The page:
Japanese Blacksmith Tools for Gardening, etc

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HRC_64

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Anyone have experience with various blacksmiths /shops eg
OkaTsune, Masamune, Kannenori, Tobisho, etc ?
 

niwaki-boy

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Anyone have experience with various blacksmiths /shops eg
OkaTsune, Masamune, Kannenori, Tobisho, etc ?
Yup all three. Whatcha got going?
There’s four oh well ... so yes all four

Edited cause I forgot I had a kanenori.
 
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HRC_64

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Ha. Awesome. :)

I need a new Karikomi shears,
any advice on brands or features
would be useful...
 
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niwaki-boy

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For karikomi if your just doing leaf then masumune is really nice but don’t have a go on older branches that’s where a brand like okatsune comes in. Okatsune is beater stuff like tojiro in a way, I’ve got a few shears that I bought stupid cheap a few years ago and for just hacking away they aren’t bad but steel is on the softer side. I’ve got the kanenori shears that Hida tool sells (bought from one of their old associates), they’re the knuckle buster version. They’re nice steel and have a good long reach and can handle a bit more of a tougher branch than masamune (I have the short handle version). All my tobishos are secatuers of some sort and the best one for karikomi is the barracuda version that Jake sells, just awesome!! Would love Tobisho's curved shears but damn $$$!! I assume you know which ones I’m talking about by the brands you brought up.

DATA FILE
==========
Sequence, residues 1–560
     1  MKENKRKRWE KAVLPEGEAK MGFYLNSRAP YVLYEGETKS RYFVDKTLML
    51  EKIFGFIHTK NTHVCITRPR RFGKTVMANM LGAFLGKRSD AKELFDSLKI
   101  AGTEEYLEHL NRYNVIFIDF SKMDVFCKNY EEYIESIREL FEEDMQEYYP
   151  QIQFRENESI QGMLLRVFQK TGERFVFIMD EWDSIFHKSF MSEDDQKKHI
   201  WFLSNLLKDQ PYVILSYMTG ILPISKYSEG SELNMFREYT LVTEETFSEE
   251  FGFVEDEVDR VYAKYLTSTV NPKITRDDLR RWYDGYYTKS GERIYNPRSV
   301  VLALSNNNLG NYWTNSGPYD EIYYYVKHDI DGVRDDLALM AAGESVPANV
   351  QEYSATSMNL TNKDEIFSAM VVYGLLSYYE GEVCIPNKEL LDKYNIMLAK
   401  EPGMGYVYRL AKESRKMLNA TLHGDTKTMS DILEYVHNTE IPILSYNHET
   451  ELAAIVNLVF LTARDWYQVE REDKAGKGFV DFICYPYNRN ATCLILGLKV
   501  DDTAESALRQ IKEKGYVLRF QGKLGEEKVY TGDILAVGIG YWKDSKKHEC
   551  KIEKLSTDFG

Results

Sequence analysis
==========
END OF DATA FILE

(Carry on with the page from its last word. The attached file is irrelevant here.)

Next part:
Both the masamune and kanenori can get silly sharp and when cleaning be very careful.. ask me go ahead :) basically two yanis on sticks w/a pivot!